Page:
that he would take the injured player to the -hospital only after he had
seen the remainder of the double bill. He added that the beloved
Mack could put his slugging outfielder in uniform and use him as a-
pinch hitter if the need arose.
With the A's again behind in the seventh inning of the nightcap, 7-3,
and the bases loaded, Mack felt that the need had arisen, and motioned
for Simmons to come into the game as a pinch hitter.
HADLEY was on the mound for the Senators and his first two pitches
to Simmons were balls. He then tried to breeze a fast one past the
slugger, and Al connected for another four-bagger to tie the old ball garme,
which Philadelphia went on to win in the ninth inning.
This exhibition of hitting and determination to win on the part of
the A's broke the spirit of the Senators' pennant ambitions, and they
were never the same after that double defeat.
Not only did Simmons one man demonstration show what athlete's
call "guts," but it also showed that such initiative does not go unnoticed.
This is attested by the fact that Simmons' was amply remunerated for
his, efforts, as he received a three year contract for $100,000, which Connie
Mack had not intended to give the veteran until that glorious day.
Braves, Reds Break Even in Twin Bill ,

Michigan Boys
Are Beaten in
Tennis Tourney
MILWAUKEE- (/P)- Kenneth
Green of Kalamazoo, Mich., and Dick
Braden of Monroe, Mich., were de-
feated in a Western Junior Tennis
Tournament doubles match yester-
day, but Green and two other Michi-
gan boys coasted through the second-
round singles.
Green and Braden captured* the
first set but later fell before the seed-
ed No. 2 pair of Matt Murphy and
Herbert, Suhr of San Francisco, 3-6,
6-4, 6-3.
Gloria King, Detroit girl entered in
the junior division, also was beaten
by a favorite, Kitty Hill of Brookline,
Mass., 6-1, 6-1. Miss Hill is seeded
No. 3.
Two other Detroiters were elimi-
nated from the junior boys running.
Bill Sayres was defeated by Bob
Goldfarb of El Paso, Tex., 6-4, 6-3,
and Leonard Brose was downed by
Robert David of Chicago, 6-1, 6-4.1
In the boys division Green coasted
through the second round by a de-
fault victory over Donald Crite of
Lafayette, Ind.; Alex Halzeck of
Hamtramck, Mich., defeated Dick
Mullaney, Milwaukee, and Fred Al-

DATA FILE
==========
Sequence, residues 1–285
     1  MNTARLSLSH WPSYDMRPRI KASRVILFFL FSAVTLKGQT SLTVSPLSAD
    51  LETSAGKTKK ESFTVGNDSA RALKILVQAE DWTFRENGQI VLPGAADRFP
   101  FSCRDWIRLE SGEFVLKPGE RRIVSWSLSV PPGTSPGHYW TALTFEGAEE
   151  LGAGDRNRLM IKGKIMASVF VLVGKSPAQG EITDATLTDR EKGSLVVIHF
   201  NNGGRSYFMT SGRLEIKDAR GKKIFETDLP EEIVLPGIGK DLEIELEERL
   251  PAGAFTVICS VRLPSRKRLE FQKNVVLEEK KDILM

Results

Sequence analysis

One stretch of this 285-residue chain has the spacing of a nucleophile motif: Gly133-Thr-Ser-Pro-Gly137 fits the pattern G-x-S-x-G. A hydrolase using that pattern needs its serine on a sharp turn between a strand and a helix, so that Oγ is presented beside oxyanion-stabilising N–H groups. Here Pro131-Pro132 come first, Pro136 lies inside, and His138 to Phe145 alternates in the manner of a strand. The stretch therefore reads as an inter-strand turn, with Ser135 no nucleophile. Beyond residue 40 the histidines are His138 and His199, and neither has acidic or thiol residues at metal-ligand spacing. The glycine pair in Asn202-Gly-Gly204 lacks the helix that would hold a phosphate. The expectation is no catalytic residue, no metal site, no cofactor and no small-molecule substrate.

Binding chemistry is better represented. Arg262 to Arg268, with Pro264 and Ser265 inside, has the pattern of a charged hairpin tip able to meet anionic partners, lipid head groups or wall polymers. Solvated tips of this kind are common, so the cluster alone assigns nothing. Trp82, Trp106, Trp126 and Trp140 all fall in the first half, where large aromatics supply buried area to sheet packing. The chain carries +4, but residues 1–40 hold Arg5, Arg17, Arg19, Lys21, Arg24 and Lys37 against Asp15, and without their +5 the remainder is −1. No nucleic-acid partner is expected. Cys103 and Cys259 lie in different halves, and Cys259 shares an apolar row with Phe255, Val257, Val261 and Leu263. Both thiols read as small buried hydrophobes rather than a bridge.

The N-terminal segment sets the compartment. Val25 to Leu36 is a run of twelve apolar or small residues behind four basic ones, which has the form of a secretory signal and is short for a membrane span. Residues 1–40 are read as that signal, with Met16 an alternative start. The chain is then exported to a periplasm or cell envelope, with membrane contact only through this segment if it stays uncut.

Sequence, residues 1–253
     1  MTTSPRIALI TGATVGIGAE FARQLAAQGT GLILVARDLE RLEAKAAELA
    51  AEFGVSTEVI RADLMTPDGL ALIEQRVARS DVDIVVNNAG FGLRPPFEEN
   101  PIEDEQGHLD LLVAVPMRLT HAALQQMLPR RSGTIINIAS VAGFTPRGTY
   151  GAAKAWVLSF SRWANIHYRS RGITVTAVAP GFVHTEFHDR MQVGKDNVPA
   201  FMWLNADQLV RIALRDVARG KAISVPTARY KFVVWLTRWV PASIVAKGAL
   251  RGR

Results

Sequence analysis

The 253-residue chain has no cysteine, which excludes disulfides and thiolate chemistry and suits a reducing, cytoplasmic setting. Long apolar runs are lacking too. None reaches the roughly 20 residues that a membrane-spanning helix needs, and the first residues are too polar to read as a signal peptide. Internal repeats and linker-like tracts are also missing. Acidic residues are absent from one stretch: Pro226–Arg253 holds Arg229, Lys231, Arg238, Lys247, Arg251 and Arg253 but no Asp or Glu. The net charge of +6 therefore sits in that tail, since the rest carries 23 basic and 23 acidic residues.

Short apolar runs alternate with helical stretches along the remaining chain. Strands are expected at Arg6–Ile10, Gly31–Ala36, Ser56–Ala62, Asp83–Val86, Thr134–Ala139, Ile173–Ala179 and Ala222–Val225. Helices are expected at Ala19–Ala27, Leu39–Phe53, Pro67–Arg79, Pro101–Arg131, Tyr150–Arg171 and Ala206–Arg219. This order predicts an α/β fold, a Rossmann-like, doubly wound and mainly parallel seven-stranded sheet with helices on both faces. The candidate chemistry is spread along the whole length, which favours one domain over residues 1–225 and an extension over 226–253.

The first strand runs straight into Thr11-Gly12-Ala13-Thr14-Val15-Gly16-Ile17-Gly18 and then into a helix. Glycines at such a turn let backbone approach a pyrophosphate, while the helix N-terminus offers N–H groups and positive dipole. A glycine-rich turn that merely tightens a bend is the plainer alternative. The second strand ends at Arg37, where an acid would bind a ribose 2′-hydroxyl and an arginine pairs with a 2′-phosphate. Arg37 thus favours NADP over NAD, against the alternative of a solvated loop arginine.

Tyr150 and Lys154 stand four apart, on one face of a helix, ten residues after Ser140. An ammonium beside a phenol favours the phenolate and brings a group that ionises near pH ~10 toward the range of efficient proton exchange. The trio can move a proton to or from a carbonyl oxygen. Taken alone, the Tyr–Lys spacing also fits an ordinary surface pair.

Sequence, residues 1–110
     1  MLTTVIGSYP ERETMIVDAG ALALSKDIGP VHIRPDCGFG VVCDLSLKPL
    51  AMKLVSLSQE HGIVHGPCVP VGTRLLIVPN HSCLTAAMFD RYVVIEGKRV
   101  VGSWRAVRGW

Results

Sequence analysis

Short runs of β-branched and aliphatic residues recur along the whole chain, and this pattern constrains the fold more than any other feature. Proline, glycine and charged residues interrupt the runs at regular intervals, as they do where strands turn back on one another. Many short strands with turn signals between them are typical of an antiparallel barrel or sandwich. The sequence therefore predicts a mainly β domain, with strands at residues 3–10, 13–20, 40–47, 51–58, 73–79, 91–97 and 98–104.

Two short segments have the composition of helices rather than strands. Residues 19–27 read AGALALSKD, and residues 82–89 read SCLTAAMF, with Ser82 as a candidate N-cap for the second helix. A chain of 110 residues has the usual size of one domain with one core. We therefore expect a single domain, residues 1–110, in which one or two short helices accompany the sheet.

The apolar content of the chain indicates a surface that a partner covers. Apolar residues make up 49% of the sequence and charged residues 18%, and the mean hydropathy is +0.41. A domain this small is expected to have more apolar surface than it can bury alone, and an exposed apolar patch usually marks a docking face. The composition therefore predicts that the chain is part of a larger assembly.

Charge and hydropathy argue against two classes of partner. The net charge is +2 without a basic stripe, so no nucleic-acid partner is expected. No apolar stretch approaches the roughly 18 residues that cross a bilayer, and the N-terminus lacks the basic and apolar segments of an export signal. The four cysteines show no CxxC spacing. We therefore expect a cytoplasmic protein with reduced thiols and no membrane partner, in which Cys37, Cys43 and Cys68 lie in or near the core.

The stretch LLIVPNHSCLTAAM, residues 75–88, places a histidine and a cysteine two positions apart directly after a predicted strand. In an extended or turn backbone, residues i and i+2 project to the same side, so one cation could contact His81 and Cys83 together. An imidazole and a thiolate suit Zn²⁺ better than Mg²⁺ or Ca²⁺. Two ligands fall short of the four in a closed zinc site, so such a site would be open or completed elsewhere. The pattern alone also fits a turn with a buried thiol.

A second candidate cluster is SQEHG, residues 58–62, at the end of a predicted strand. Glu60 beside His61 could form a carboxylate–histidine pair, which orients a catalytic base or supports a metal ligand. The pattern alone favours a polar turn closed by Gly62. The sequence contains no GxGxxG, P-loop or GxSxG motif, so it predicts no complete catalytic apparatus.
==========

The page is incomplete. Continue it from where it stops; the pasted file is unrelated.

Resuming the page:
bert of Ironwood, Mich., trimmed
Alfred Pushner, Milwaukee. Richard
Kin of Kalamazoo was defeated by
Warren Moeller of Milwaukee.
Bartzen Wins
Tens Match
MILWAUKEE, July 26.-(/P)-Ber-
nard (Tut) Bartzen of San Angelo,
Tex.. seeded No. 1 in the junior divi-
sion of the western junior boys tennis
tournament, swept into the quarter
finals today without the loss of a
game to Don Seifert of Chicago.
Two more contenders in the boys'
division won through to quarter final
berths, joining two seeded players
who won their places earlier. Charles
De Voe of Indianapolis took a three
set decision from James Orwin of
Kalamazoo, Mich., 6-1, 3-6, 6-1, and
Alex Hetzick of Hamtramck, Mich.,
eliminated Tony Trabart of Cincin-
nati, 6-2, 6-1.
SHOWING
NOW'

Downpour Prevents Newhouser
From Winning Sixteenth Game

DETROIT, July 26-(AP)-Rain
stopped the Detroit-Boston game in
the first of the eighth tonight, with
the score tied 1-all. Two Red Sox
players were on base, and only one
away, when the downpour came.
Hal Newhouser, making a bid for
his 16th victory, held Boston to four
singles. George Woods yielded the
Tigers six hits, including a two-bag-
ger by Pinky Higgins.
The Detroit tally came in the
fourth when Eddie Mayo beat out a
hit to Bob Doerr, advanced on a
single by Roger Cramer and scored
from third after Leon Culbertson's
catch of Rudy York's fly to center.
Boston came back in the seventh

when Bob Johnson walked, went to
third on Doerr's single and came
home after Cramer's catch of Jim
Tabor's fly to center.
The Tigers threatened in their
half of the seventh, but a double
play which nipped Chuck Hostetler at
the plate, Newsome to Cronin to
catcher Roy Partee, ended the up-
rising.
Hits by Culbertson and Pete Fox
boosted Boston's chances in the
eighth, but they were washed out by
a sudden showerhthat made the
grounds so wet that officials ruled
the game could not proceed. A paid
crowd of 5,490 witnessed the abbrevi-
ated twilight contest.

$47 A STROKE:
Prize Cash in Sports Events
Emphasizes Financial Angles

Cleveland Bids
For Top Berth
In Junior Circuit
By the Associated Press
Cleveland nursed a budding pen-
nant boom today as the Tribe cele-
brated its eighth win in nine starts
against eastern opposition and a
10-0 landslide over the New York
Yankees.
Lou Boudreau's club, always touted
as "the best on paper" but a consis-
tent disappointment to its followers,
quit the cellar less than a month ago
and moved into fourth place by easy,
stages..
Although still in fourth spot, Cleve-
land trailed second place New York
by a single game and the leading
St. Louis Brownies by four and one-
half.
As the Cleveland-New York series
went into its second stage tonight the
big league calendar called for the
final seven games of 16 scheduled for
war relief. In addition to the All-
Star game in Pittsburgh that sent
$106,275 into the service bat and ball
fund, nine special games upped the
total to $304,775.
Funds for War Relief
St. Louis, Cleveland and Chicago in
the American and all the eastern
clubs in the National give over to-
day's receipts to the war fund in an
effort to hit the $500,000 goal. All
war fund games, except the Cincin-
nati at Boston doubleheader, will be
played tonight. Every team will have
given over one home date to the
cause.
Steve Gromek, a strong armed
chucker for Baltimore last year, shut
out the Yanks for Cleveland, sprink-